Much has been made about oil supermajors slashing spending. Shell even cut its dividends by two thirds, the first time the Anglo-Dutch company has done so since World War Two.

Last month, Shell said it would lower its spending by $US5bn ($7.8bn) and suspended its massive share buyback scheme in order to weather the collapse in oil prices.

Long-time rival BP has also announced plans to cut capital spending by 25 per cent to $US12bn while ExxonMobil lopped off $US10bn from its 2020 spending to $US23bn.

More recently, Chevron has slashed its capital spending for the second time in five weeks, with the company saying that full-year spending could be as much as 13 per cent lower than previously planned.

None of this is particularly surprising given the impact that the COVID-19 pandemic  has had on oil prices.

The US-centric West Texas Intermediate crude for June delivery is currently trading at $US18.76 per barrel while the broader Brent Crude benchmark is at $US26.06 per barrel.

This is far cry from prices of $US61.06 and $US66 per barrel respectively at the beginning of this year.

What is of interest is that both BP and Shell have flagged that their investments in renewable energy would be left largely untouched.

Of the other oil giants, French supermajor Total has also said it would not cut spending on its new energies division despite chopping more than 20 per cent from its capital spending.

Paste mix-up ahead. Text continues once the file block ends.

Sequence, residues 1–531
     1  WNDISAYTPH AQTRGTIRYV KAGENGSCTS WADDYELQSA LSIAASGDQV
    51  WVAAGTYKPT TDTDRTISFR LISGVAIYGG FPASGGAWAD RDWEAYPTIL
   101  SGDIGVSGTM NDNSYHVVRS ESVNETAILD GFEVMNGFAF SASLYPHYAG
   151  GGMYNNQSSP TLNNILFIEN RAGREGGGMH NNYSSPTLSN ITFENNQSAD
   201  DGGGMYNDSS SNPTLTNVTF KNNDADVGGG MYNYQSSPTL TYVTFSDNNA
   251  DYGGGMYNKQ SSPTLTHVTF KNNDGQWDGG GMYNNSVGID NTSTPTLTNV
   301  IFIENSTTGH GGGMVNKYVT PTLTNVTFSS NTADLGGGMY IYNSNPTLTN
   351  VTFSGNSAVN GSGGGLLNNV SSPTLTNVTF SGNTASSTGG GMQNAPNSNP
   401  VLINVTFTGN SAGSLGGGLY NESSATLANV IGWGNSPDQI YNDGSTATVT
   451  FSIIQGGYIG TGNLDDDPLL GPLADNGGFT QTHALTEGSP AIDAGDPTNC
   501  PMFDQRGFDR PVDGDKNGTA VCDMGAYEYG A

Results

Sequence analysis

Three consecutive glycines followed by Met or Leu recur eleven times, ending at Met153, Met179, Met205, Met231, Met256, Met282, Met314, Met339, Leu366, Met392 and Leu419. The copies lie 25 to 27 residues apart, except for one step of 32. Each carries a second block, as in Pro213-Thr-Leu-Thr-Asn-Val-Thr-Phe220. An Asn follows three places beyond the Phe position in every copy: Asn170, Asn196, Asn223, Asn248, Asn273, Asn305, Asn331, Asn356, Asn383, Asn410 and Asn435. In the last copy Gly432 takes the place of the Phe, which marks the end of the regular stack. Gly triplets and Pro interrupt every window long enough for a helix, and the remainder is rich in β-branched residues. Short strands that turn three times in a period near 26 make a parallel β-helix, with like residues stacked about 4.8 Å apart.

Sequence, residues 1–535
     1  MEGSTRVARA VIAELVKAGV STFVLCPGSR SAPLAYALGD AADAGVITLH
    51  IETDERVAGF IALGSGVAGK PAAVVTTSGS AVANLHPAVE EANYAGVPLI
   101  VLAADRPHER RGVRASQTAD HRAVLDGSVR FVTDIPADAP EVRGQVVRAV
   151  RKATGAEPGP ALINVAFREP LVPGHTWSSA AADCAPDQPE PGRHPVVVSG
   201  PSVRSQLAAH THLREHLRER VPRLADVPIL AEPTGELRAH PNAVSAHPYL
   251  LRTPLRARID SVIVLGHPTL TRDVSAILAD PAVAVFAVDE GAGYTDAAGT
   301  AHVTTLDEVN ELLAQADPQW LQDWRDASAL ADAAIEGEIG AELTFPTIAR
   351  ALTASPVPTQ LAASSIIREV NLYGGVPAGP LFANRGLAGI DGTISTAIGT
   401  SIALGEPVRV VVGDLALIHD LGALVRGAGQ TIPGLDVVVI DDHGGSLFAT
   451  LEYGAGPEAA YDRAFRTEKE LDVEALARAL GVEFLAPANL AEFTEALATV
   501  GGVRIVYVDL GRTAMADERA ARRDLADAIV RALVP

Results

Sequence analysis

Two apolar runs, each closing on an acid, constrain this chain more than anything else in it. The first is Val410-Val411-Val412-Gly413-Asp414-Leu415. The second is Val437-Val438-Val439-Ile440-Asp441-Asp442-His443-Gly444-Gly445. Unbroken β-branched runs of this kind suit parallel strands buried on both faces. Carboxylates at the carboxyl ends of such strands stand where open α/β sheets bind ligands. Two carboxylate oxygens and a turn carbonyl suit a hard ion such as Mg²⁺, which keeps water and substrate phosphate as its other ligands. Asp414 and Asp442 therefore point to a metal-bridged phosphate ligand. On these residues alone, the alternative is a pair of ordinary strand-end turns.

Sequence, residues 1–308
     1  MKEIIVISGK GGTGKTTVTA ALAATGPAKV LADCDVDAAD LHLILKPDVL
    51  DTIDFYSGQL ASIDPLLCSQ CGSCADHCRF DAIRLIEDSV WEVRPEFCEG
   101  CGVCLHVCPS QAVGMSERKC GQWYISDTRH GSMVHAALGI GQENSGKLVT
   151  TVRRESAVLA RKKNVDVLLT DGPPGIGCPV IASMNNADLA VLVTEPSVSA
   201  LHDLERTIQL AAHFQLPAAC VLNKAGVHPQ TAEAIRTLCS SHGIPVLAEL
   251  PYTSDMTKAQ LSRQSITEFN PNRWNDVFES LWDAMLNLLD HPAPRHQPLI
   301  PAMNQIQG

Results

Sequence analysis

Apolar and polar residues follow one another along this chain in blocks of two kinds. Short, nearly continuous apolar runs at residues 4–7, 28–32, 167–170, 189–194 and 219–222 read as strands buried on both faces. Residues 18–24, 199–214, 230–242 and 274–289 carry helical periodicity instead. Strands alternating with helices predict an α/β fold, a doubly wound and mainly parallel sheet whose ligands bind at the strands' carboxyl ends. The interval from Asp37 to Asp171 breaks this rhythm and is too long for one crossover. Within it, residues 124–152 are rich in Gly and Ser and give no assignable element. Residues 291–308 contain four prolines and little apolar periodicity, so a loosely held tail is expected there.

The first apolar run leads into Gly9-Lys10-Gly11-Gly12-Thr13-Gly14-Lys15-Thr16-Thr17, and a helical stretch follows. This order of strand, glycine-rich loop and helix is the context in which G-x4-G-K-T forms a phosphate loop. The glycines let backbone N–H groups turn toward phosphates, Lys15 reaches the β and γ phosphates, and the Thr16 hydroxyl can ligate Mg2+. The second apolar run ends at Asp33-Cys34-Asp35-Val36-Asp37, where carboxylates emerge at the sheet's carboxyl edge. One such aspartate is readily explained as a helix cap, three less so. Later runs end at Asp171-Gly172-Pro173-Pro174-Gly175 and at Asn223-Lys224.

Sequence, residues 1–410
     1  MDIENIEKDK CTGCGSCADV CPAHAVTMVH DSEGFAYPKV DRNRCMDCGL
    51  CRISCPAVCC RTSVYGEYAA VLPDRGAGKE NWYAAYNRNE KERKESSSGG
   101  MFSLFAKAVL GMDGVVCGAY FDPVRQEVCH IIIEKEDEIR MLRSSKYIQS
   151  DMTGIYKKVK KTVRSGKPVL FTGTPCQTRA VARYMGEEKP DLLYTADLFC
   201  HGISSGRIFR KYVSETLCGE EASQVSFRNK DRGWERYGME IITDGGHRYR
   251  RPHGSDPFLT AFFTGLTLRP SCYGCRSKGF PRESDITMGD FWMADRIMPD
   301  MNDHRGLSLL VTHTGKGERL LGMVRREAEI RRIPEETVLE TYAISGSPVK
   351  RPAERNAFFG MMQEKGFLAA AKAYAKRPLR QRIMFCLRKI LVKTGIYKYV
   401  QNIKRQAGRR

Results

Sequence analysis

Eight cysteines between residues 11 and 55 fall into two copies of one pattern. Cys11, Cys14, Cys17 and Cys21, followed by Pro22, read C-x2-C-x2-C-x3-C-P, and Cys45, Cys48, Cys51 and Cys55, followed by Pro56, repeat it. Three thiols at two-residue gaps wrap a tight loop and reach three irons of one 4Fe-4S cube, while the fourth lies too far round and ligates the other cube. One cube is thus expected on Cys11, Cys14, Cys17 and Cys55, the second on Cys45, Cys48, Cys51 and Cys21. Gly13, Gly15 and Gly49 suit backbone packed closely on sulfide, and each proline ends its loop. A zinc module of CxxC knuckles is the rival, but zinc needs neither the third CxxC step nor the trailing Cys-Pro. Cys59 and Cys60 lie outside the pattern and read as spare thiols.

Shell chief executive officer Ben van Beurden said last week that while a quarter of its planned $US5bn cuts would apply to its integrated gas and new energies business unit, gas projects would face the brunt of the cuts.

“I wouldn’t say we have ring-fenced them; that would be too much,” Greentech Media quoted van Beurden as saying.

“There is an energy transition underway that may even pick up speed in the recovery phase of the crisis, and we want to be well-positioned for it.”

The supermajor has also committed to a net-zero emissions target for 2050, making it the second major European oil company after BP to do so. This includes the reduction of ‘Scope 3’ emissions, which account for 85 per cent of the company’s total carbon footprint.

Scope 3 emissions are all indirect emissions that occur in the value chain of the reporting company.

Shell plans to achieve this by emphasising gas over oil and expanding its already sizeable renewables business.

Likewise, BP’s new chief executive officer Bernard Looney said the company has left $US500m of low-carbon investment unchanged and untouched this year.

He noted that while oil price had crashed, its solar energy subsidiary Lightsource BP was involved in 400 megawatts of solar contracts in the US.

“That sector continues to attract investment. It attracts investments because of its risk profile and its resilience,” Looney added.

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